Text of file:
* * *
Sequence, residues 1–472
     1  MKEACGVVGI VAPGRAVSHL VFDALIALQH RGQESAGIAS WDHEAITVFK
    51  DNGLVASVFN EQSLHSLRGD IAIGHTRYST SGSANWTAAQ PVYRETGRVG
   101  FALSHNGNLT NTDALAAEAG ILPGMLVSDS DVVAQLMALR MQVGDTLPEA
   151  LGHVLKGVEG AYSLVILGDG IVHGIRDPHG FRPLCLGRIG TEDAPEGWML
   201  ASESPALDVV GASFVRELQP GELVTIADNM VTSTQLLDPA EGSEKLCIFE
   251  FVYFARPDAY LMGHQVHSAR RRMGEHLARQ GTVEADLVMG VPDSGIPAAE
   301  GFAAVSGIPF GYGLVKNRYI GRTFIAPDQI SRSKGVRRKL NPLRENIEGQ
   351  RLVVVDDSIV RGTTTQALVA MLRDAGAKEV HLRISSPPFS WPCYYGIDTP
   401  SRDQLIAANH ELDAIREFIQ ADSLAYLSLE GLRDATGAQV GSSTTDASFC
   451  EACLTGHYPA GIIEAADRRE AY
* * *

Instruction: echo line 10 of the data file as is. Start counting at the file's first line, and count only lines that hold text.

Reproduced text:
   401  SRDQLIAANH ELDAIREFIQ ADSLAYLSLE GLRDATGAQV GSSTTDASFC